What are Executive Functions?
Completing assignments, meeting deadlines and managing time require us to marshal our cognitive and emotional capacities to get the job done. Executive functions are the brain-based capacities that enable us to accomplish tasks by regulating our emotions, attention, and behavior. Research done by Drs. Peg Dawson, Richard Guare, Russell A. Barkley, Thomas E. Brown, and others reveals the following capacities involved in the execution functions. Individuals with executive function skills weaknesses exhibit many of the following:
- Are unable to complete long-term assignments
- Have difficulty with problem-solving
- Bedroom and work areas are disorganized
- Are unable to organize tasks and activities
- Live in the present with little sense of future consequences
- Lose track of time when performing a preferred activity
- Are unable to respond to feedback and adjust accordingly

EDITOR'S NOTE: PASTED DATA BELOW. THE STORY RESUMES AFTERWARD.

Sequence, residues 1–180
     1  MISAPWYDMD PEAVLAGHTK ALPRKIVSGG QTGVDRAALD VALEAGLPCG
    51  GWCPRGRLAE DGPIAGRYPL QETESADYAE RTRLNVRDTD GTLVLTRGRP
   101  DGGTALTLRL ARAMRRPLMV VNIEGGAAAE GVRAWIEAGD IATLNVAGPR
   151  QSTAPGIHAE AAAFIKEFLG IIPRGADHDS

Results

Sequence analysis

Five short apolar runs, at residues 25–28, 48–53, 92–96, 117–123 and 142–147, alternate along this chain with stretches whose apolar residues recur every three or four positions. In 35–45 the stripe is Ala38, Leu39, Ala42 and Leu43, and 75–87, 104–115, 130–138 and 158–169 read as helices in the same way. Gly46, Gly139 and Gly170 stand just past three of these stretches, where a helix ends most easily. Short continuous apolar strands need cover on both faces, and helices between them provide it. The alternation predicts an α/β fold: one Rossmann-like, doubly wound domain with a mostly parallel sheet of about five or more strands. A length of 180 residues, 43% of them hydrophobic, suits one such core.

- Find it difficult to monitor or evaluate their performance
- Have difficulty with transitions
- Struggle to overcome setbacks
- Quickly forget steps, directions, and complex information
- Have poor reading comprehension
- Struggle to maintain friendships, relationships, or play on sports teams
- Have difficulty managing anxiety or frustrations when doing work
- Make impulsive decisions and purchases
- Have difficulty pulling themselves away from certain activities, such as video gaming, etc.
- Are easily distracted by their own irrelevant thoughts
- Feel tired or fall asleep while doing tasks
- Require several prompts to begin a non-preferred task
- Exhibit a pattern of incomplete projects and tasks
- Don't follow through on promises
If you identify with several of the executive function deficits described above, then you or your student may benefit from executive functional skills coaching.